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Monday newspaper round-up: Retailers, John Lewis, Rolls-Royce

(Sharecast News) - Retailers are facing a tough new year as weak consumer demand is expected to combine with a barrage of increased costs, including the higher minimum wage. Shoppers are likely to keep their spending on pause during the first months of 2024, according to forecasts published today by the Retail Think Tank, a group of industry experts who analyse the health of the sector, as mounting mortgage and rental costs weigh on consumer confidence. - Guardian One of the largest UK pension and insurance firms has opened the door to backing US-style mega-bonuses for London listed companies despite fears that executive pay is fuelling inequality and encouraging "short-term risk taking". Legal & General Investment Management has updated its pay policy to say there is room for the "necessary flexibility" needed to attract the best talent. It acknowledges "an increased push" by UK companies towards "remunerations structures that are more closely aligned to US-style pay". - Guardian

John Lewis has been forced to deny that its plans to build a 24-storey building in the suburbs of London will "loom" over nearby houses in a row over a project dubbed the "Waitrose Tower". Property experts hired by the department store have argued that the design of the proposed residential tower on top of its Waitrose supermarket in Bromley, south east London, means visibility would be "often fleeting and the buildings only glimpsed". - Telegraph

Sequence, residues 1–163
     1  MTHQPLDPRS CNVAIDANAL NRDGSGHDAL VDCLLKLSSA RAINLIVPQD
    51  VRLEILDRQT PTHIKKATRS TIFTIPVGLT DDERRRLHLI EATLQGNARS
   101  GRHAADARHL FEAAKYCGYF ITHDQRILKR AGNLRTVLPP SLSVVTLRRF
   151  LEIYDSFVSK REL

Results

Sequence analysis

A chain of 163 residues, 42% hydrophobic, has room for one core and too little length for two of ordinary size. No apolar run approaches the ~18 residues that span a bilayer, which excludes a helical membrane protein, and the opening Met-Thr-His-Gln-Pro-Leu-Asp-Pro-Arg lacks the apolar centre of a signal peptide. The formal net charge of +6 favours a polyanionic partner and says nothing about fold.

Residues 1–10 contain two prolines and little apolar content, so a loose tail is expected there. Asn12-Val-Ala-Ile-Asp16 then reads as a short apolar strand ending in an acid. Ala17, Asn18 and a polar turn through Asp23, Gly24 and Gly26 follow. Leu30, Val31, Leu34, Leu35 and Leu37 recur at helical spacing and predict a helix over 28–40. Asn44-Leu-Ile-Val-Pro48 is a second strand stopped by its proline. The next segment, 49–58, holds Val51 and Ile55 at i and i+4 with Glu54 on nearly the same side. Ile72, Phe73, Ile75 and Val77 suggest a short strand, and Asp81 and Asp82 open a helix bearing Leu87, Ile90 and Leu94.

Rolls-Royce is in talks with Ukraine's biggest private power company to build a string of mini nuclear power plants in the country, The Telegraph can reveal. DTEK, which is part of billionaire businessman Rinat Akhmetov's industrial group, has held early discussions with Rolls about developing small modular reactors (SMRs) at sites currently operated by coal power stations. - Telegraph

Sir Tom Hunter has reiterated his backing for THG, calling it "world-class" even as activist investors call for the company to be broken up. The Scottish entrepreneur said he had added to his holding in the fitness and beauty group, led by Matt Moulding, when its share price dipped below 50p nearly a year ago. THG shares have since risen by more than 50 per cent and were trading at more than 86p last week, although they were floated at 500p in 2020. - The Times

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Important information: This information is not a personal recommendation for any particular investment. If you are unsure about the suitability of an investment you should speak to one of Fidelity’s advisers or an authorised financial adviser of your choice. When you are thinking about investing in shares, it’s generally a good idea to consider holding them alongside other investments in a diversified portfolio of assets. Past performance is not a reliable indicator of future returns.

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